In what circumstances would you be willing to lie? > I would readily lie to spare somebody's feelings when telling the truth would do no good anyway. I wouldn't hesitate to lie if somebody said they'd blow up the world if I didn't profess whatever belief they wanted me to profess. I wouldn't feel a hint of guilt about lying to save my own life or anyone else's, especially if that death would be unjust or wrongful. There are times when somebody with nefarious intent pries for information that's none of their business. That's a moral dilemma, because failing to keep what's private private is ordinarily as immoral as lying. So, if you can't stop them, they have nothing coming but a lie - preferably an in-your-face one that they know is a lie. Another time when somebody has nothing but a lie coming is when that person abuses the medium of human intercourse by constantly insulting your intelligence with lies so bizarre they make you have to pinch yourself. Just as a bully needs to get hit back, these jokers need a dose of their own medicine to make them behave. I'd much sooner lie to an adversary or stranger than to someone who has every good reason to trust that what I tell them is the truth - like friends, family and children. Lying to the latter is a great breach of faith. So, not only why, but also whom you're lying to can make a huge moral difference. In short, I don't pass off moral responsibility for our actions on to any list of dos and don'ts carved in stone. These are often difficult decisions that require a good deal of thought, not just rationalizations.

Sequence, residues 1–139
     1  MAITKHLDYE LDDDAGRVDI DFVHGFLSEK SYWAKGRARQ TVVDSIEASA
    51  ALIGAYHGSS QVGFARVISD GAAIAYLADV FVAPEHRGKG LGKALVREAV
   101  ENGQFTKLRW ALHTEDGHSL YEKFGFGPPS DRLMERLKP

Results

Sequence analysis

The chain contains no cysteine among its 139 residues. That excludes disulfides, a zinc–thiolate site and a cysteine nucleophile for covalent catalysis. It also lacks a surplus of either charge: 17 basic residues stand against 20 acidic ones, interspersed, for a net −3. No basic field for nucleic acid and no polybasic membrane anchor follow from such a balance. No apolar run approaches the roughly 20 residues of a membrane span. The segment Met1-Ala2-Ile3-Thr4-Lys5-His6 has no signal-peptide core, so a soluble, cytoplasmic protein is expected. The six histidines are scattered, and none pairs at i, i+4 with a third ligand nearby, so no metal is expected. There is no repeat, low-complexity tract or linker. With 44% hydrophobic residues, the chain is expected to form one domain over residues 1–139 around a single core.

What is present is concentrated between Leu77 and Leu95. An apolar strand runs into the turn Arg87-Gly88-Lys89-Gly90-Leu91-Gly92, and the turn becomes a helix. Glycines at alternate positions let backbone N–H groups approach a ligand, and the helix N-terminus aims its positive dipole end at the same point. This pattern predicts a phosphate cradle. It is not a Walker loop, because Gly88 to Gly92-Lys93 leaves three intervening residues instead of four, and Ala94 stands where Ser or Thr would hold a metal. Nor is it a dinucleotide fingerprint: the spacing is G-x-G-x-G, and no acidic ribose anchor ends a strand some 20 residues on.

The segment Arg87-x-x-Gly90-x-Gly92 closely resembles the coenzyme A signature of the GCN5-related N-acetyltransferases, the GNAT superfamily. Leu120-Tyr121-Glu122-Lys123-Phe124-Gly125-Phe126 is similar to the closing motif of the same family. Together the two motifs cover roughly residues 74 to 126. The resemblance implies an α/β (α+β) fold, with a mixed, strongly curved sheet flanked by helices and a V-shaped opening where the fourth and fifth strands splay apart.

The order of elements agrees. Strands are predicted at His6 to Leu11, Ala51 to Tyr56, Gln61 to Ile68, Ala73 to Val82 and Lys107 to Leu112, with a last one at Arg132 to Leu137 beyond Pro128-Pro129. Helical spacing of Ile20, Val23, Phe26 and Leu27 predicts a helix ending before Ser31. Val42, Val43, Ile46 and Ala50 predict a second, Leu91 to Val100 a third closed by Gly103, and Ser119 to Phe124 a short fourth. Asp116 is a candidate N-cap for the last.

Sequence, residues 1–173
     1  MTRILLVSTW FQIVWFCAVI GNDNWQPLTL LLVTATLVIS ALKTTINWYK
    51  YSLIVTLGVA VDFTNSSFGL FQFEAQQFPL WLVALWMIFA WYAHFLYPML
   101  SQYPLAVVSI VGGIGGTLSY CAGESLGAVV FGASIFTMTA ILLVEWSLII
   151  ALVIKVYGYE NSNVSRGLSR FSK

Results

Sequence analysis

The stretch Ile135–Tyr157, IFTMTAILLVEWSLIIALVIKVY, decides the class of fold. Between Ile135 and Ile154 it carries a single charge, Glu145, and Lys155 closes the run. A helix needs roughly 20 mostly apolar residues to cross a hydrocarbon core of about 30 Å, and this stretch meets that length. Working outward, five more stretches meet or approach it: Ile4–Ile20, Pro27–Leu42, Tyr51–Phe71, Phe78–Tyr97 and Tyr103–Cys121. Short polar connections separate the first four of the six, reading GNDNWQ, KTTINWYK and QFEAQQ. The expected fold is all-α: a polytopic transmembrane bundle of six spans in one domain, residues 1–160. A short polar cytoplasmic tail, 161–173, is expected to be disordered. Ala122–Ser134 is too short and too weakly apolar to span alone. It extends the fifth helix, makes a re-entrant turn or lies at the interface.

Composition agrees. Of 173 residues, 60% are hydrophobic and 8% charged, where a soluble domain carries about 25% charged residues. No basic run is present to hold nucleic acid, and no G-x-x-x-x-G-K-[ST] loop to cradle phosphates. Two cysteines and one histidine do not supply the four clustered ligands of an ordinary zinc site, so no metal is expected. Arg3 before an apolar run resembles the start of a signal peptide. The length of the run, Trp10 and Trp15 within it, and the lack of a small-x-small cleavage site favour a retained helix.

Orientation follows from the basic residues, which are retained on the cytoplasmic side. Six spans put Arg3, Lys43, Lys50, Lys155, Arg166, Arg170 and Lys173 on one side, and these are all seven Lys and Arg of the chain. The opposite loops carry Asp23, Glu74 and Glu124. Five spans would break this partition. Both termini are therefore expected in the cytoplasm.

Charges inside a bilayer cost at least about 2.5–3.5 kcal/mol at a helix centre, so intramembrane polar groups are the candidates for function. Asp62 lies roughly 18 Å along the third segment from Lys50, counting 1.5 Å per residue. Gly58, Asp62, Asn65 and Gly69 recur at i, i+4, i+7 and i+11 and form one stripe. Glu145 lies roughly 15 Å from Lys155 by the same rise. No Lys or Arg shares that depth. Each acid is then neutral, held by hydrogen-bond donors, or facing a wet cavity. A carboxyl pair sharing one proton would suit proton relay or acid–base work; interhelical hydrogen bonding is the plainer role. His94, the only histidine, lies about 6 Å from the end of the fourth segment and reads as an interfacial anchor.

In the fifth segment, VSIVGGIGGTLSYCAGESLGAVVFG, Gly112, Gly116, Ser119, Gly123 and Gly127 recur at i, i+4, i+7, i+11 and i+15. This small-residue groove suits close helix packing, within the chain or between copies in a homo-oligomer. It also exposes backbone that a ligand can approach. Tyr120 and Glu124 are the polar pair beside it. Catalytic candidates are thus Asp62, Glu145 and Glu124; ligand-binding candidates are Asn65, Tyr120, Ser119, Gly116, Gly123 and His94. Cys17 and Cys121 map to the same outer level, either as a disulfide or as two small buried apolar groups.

Do you have any prejudices you're willing to acknowledge? > Not yet, but all the prejudice and bigotry against 'the Americans' is tempting, tempting, tempting me.
What is your favourite proverb? > Verbum sonat, exemplum tonat (Actions speak louder than words).